County Considering Law For Protecting Farmland
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That point will become clear if Moore County adopts a proposed voluntary agricultural district (VAD) ordinance.
County leaders have been discussing the concept for more than two years, but now the Board of Commissioners has called a public hearing for Aug. 21 to consider the ordinance and possibly take action.
"Yes, of course. Goodness, yes," said Nowell Brown, chairman of the Moore County Soil and Water Conservation Board of Super-visors, when asked if he would participate in a voluntary agricultural district.
Brown raises poultry, grain and other crops on a farm in the House in the Horseshoe community.
"You can get in and you can get out, but we need to do it as soon as possible," Brown said.
Brown said residential, resort and commercial developments are rapidly filling up Moore County, and a VAD ordinance is one way to retain the rural flavor that has made the community so attractive to development.
Preserving Rural Flavor
The ordinance cannot keep development out of a rural community, but it can offer some protections to farmers who want to continue tilling their land.
For one thing, if a residential development moves in adjacent to a poultry farm, the new property owners cannot apply pressure with complaints about farming activities.
Alice Caviness, administrative coordinator for the conservation district, said landowners will receive notification when efforts are under way to buy adjacent farmland for development purposes.
Farmland owners cannot prevent the sale of this property, but they can take advantage of public hearings and other legal measures to protect their own property. In addition, it can help farmers stave off pressure from outside sources wanting to buy their land for non-farm uses.
Caviness said the ordinance can also protect farmland owners from nuisance suits filed by neighbors who object to such things as odor from fertilizer, provided, of course, that the farmer is not breaking the law.
"The ordinance doesn't keep a farmer from selling to a developer, but it does encourage farmers to keep their land as farmland," Caviness said.
Other benefits include public hearings for proposed condemnations, consideration in the land development review process, eligibility for Farmland Preservation Funds and waiver of water and sewer assessments.
Brown credits Glenn Bradley, a former conservation board member, with the impetus on the VAD ordinance.
County Planning Director Andrea Surratt, in her presentation to the Planning Board, likened the VAD ordinance to a historical district in a municipality.
"Our land-use plan does definitely support this type of ordinance," Surratt said.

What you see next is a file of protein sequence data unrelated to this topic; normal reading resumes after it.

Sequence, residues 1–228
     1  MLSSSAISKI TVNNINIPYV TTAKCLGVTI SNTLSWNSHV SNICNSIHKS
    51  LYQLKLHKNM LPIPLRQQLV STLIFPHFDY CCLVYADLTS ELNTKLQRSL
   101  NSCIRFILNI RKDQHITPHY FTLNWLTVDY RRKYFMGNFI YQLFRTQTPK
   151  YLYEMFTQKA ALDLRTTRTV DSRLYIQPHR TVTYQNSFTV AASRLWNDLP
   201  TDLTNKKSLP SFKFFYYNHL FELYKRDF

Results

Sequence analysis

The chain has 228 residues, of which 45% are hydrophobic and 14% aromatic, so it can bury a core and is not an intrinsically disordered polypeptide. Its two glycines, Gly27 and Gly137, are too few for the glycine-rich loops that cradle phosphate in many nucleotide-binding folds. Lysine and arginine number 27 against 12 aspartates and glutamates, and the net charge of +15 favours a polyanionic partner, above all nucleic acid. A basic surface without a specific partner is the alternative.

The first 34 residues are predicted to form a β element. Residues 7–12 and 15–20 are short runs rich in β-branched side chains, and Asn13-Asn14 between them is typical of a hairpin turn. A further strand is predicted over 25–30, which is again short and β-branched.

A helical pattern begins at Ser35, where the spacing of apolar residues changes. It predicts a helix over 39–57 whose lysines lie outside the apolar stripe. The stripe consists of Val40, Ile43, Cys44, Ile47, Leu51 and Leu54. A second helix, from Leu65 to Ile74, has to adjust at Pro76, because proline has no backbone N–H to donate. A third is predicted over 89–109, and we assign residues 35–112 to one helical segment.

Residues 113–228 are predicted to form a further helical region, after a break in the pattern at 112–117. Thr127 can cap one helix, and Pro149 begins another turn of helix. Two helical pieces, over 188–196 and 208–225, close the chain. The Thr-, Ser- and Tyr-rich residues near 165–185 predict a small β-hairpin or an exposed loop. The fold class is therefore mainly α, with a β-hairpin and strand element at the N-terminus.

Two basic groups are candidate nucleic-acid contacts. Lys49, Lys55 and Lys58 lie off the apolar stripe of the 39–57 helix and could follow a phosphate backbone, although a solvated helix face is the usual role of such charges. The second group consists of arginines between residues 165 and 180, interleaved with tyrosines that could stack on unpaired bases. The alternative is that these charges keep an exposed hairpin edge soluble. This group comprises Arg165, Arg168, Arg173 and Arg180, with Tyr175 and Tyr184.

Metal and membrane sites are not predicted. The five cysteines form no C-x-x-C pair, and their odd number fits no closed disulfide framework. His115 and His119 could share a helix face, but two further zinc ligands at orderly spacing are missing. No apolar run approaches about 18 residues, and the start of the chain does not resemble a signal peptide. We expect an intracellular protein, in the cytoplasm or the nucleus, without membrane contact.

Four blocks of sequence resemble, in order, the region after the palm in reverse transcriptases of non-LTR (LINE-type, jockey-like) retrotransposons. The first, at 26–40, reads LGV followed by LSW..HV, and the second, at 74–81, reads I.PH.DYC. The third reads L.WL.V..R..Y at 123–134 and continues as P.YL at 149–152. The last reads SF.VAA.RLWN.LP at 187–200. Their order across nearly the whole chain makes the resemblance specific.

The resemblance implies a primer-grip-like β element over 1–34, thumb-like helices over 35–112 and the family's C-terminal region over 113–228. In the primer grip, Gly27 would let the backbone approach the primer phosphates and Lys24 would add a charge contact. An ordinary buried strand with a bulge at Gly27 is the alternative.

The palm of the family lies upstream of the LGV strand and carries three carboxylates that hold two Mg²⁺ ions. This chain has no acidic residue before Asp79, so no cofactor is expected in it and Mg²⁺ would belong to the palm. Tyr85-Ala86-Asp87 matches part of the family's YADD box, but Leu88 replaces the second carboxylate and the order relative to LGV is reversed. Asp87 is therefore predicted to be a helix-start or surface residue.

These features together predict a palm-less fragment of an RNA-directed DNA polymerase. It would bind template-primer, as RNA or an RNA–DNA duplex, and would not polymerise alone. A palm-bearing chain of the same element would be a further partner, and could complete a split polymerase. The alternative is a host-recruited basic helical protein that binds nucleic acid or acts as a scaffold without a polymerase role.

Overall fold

The land-use plan adopted in the late 1990s describes preservation and protection of the rural agricultural nature of the county as its first goal. Objectives within that goal include keeping farmland for farming and forest land for forestry and careful management of development in rural areas. It also provides for preservation of small businesses in rural areas.
David J. Cummings, chairman of the Board of Commissioners, endorsed the proposal when the board voted to call the public hearing.
"It's something a lot of people are excited about," said Cummings, who is also a farmer.
One key selling point is the emphasis on the voluntary aspect of the program. Although participants are asked to sign 10-year agreements, they are not penalized if there is a change of mind before the 10 years end. The agreement can be revoked upon written request by the property owner.
To join the program, the property owner must operate the land as a working farm, including participation in the present-use value taxation program. Also required is certification of soils for farm use by the Natural Resources Conservation Service of the U.S. Department of Agriculture.
Present-use value is the term that applies to the valuation of land used for farming purposes but subject to higher valuations because of adjacent land used for other purposes, such as golf and resort development. The system helps to retain the usually lower valuation on farmland.
Participants would be subject to a conservation agreement prohibiting nonfarm uses or development for at least 10 years. Nevertheless, the agreement would be voluntary and the farmer could revoke it at any time by submitting a written request.
Under the plan, a seven-member advisory board would be appointed to review and approve applications, conduct public hearings and advise the Board of Commissioners on projects affecting agriculture.
Proposed districts would encompass five acres for horticultural use, 10 acres for general agriculture, and 20 acres for forestry.
VADs were authorized in 1985 when North Carolina adopted the Farmland Preservation Enabling Act. To date, 39 of North Carol-ina's 100 counties have adopted VAD ordinances, which apply to 2,675 farms with 204,642 acres. Among the counties with VAD ordinances are Chatham, Wake, Durham, Franklin, Orange, Guil-ford, Randolph and Alamance.
Florence Gilkeson can be reached at 947-4962 or by e-mail at email@example.com.
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